Environment

In Photos | A Rally for the Narmada, a Rally for the People

A life giving river has been converted into a tool to suit the whims and fancies of the state.

As I write this, around a thousand people are on a hunger strike in a small village on the banks of Narmada river in Badwani district, one of the most fertile and culturally rich parts of Madhya Pradesh. The strike, which started with five women and the leader of Narmada Bachao Andolan, Medha Patkar, was on its sixth day on August 31, 2019.

Thousands of women gathered at Badwani for Narmada Rally नर्मदा हमारी जीवन रेखा, नाही बनेगी मरण रेखा Photo: Abhay Kanvinde

Sardar Sarovar Nigam Limited, in collusion with the Narmada Control Authority, Gujarat government and the Centre is filling the Sardar Sarovar Dam up to its full height of 138.68 metres, even though around 32,000 families, cattle and animals reside in the submergence zone, mainly in Madhya Pradesh. Why are they still there? Why do they keep facing the uncertainty and high-handedness of the government?

The families are still here because their rehabilitation has not been complete in letter and in spirit. People of 125 villages are facing submergence. Filling the Sardar Sarovar Dam up to its full height has been opposed not only by the affected communities, but by the government of Madhya Pradesh as well. Water has reached the 134.74-metre-mark and is climbing as I write. Filling the dam to its height means that 37,690 hectares of land, 11,279 hectares of agricultural land and 13,542 hectares of forest land will be submerged.

Thousands of men, women and children live in this region. Just in the last 22 days, more than 16,000 people have been hastily evacuated from Dhar and Barwani districts of Madhya Pradesh, in the absence of proper rehabilitation facilities.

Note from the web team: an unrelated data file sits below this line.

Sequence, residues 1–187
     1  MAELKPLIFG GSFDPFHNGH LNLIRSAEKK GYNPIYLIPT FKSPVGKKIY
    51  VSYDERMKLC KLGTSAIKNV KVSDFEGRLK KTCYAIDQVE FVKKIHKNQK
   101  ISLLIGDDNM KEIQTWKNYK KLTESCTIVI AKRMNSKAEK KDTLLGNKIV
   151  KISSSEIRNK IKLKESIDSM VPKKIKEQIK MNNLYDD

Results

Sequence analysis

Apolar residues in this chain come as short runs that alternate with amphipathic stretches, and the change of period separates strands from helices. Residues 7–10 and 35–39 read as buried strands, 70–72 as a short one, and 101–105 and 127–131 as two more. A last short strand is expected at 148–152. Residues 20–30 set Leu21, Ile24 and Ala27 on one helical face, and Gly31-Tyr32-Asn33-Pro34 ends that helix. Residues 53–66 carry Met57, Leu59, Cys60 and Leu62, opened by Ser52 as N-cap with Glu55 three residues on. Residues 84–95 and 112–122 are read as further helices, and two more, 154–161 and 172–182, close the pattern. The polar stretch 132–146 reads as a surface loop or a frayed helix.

Which government flushes out thousands of its own farmers, shopkeepers, teachers, fisherfolk and forest dwellers only because it can?

Submergence has been eating up living towns Photo: Suniti SR/NAPM

This same year, in the summer months, nearly no water was released into the river downstream of the dam. The salinity ingression in Bharuch, at the other end of the river, was so serious that factories had to be shut down, and thousands of fisherfolk lost their livelihoods.

A life giving river has been converted into a tool to suit the whims and fancies of the state.

In this background, a month ago, the Narmada Bachao Andolan organised a people’s gathering and jury in Badwani. Those affected from all parts of Madhya Pradesh, Gujarat and Maharashtra came forward and shared their stories. Several people affected by older dams like Jobat, Bargi, Indira Sagar, Omkareshwar and Maheshwar shared their stories and unmet promises.

Farmers from Kutch and Saurashtra talked about their dry fields, empty promises and incomplete canals, fisherfolk from Narmada and Bharuch shared how they lost livelihoods. Notably, Praveenbhai Jadeja, former Gujarat minister of environment and forests apologised in front of thousands of affected people for the wrong assumptions and decisions made by the Gujarat government while erecting the Sardar Sarovar Dam.

Thousands of women, men and children gathered at Badwani in the pouring rains to take part in this rally. The sheer persistence, tenacity and spirit of the people and the movement was and is unbelievable.

A few photographs from the Badwani rally on July 31 that I attended are as follows.

All photos were taken by Abhay Kanvinde for SANDRP.

Medha Patkar at the Badwani NBA/ NAPM office, engaging with members of the community. Photo: Abhay Kanvinde

The rally was attended by a large number of women. Photo: Abhay Kanvinde

 

Livelihoods stand to be affected by the rising waters. Photo: Abhay Kanvinde

Narmada at Rajghat. Flowing river now a stagnant reservoir. All this is now submerged Photo: Abhay Kanvinde

The Khalghat Bridge over Narmada will soon be submerged. Photo: Abhay Kanvinde

In a corner of our country, our fellow countrymen, women, children, trees, forests and towns are looking at rising waters now.

In passing, here is a tweet from the Prime Minister of the country, as over 32,000 families face submergence.

Consider taking a moment to sign our petition (more details here).

This article first appeared in the South Asia Network on Dams, Rivers and People (SANDRP) blog and has been republished here with permission.

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